The problem is that our society was built around the availability of cheap fossil fuels. We can’t simply switch to renewables such as photovoltaics, which can’t produce, for instance, liquid fuels for transportation. So, we need a new infrastructure to accommodate the new technologies, and that will be awfully expensive to create. We’ll have to try to do our best, but we cannot expect the energy transition – the “energiewende” – to be painless. On the other hand, if we don’t prepare for it, it will be worse.

So, to return to the subject of this hearing, we were discussing energy security for Europe. I hope I provided some data for you that show how security is ultimately related to supply and that we are having big problems with the supply of fossil energy right now. The problem can only increase in the future because of the gradual depletion of fossil resources. So, we need to think in terms of supplies which are not affected by this problem. As a consequence, it is vital for Europe’s energy security to invest in renewable energy. We shouldn’t expect miracles from renewables, but they will be immensely helpful in the difficult times ahead.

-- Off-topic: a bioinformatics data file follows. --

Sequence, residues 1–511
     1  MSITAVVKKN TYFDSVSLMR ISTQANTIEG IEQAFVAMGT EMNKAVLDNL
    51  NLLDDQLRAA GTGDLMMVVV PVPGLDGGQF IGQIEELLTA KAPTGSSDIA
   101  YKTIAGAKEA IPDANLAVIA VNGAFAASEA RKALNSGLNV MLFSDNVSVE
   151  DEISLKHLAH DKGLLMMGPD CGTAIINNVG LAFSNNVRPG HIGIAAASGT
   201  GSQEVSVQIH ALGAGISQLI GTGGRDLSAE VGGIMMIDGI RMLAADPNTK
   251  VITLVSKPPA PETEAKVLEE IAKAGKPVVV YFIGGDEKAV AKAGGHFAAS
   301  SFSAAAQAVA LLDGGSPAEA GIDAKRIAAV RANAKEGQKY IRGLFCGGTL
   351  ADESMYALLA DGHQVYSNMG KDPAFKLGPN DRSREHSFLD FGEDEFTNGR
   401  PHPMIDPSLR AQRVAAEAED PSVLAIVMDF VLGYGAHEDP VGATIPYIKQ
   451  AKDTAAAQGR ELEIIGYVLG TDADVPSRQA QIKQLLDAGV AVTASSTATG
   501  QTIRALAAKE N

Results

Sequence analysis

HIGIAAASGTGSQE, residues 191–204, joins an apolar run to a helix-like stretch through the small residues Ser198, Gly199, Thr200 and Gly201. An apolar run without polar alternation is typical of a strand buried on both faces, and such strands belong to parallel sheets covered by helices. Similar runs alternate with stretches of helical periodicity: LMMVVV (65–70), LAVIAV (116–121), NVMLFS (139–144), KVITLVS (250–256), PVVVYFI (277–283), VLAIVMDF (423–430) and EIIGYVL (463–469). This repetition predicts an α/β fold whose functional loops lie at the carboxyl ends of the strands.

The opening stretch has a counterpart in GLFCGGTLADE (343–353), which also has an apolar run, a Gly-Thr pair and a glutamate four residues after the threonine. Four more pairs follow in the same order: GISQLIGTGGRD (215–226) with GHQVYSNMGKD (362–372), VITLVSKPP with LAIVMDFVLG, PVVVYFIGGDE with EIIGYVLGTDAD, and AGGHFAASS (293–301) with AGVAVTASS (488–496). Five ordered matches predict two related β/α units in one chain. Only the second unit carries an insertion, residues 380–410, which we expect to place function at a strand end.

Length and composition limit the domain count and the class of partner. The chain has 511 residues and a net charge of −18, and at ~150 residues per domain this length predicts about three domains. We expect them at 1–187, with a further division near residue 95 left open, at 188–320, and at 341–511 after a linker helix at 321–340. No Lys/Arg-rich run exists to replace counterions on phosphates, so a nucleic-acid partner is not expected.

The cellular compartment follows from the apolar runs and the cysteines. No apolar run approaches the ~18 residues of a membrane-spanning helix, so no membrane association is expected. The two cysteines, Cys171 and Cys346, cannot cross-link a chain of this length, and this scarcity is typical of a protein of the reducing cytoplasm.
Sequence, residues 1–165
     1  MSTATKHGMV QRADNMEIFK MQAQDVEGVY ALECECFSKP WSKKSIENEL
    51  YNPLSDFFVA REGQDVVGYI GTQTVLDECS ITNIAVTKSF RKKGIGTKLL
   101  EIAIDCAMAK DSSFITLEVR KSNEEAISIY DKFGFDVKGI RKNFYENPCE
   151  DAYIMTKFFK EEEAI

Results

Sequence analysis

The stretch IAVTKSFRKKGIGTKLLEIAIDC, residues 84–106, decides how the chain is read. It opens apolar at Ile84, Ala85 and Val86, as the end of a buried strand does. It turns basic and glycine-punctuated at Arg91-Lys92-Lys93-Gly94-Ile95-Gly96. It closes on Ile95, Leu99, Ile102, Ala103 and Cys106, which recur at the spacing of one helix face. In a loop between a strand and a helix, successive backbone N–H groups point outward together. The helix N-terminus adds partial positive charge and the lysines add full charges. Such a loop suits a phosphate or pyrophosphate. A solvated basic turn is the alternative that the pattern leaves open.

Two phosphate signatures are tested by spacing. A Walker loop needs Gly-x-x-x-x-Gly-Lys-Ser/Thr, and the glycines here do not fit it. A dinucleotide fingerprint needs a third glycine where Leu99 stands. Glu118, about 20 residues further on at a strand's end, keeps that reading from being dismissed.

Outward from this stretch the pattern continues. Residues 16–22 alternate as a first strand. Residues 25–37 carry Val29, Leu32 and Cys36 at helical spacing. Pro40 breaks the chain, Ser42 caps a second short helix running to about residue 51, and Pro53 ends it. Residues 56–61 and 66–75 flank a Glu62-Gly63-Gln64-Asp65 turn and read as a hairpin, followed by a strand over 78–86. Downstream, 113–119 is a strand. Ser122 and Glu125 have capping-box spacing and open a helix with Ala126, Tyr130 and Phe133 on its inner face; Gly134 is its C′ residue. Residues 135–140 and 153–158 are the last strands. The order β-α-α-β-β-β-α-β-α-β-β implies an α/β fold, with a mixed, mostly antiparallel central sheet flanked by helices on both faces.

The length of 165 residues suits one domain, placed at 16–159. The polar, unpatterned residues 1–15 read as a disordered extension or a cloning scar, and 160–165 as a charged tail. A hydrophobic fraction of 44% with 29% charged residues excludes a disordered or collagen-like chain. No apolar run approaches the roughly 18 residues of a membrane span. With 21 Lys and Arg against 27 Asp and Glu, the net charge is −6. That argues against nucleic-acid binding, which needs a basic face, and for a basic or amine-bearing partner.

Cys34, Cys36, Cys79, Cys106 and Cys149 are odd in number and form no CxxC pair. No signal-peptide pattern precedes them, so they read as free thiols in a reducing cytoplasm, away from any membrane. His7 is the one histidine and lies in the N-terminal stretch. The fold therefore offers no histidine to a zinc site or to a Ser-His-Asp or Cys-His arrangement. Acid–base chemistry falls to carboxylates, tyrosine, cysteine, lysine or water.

Let me summarize the points I made in this talk:

Thank you very much for your attention and if you want to know more, you can look at my website “Resource Crisis”. www.cassandralegacy.blogspot.com

Ugo Bardi teaches at the University of Florence, Italy. He is a member of the Club of Rome and the author of “Extracted, how the quest for mineral wealth is plundering the planet” (Chelsea Green 2014)

Crash on Demand

6 01 2014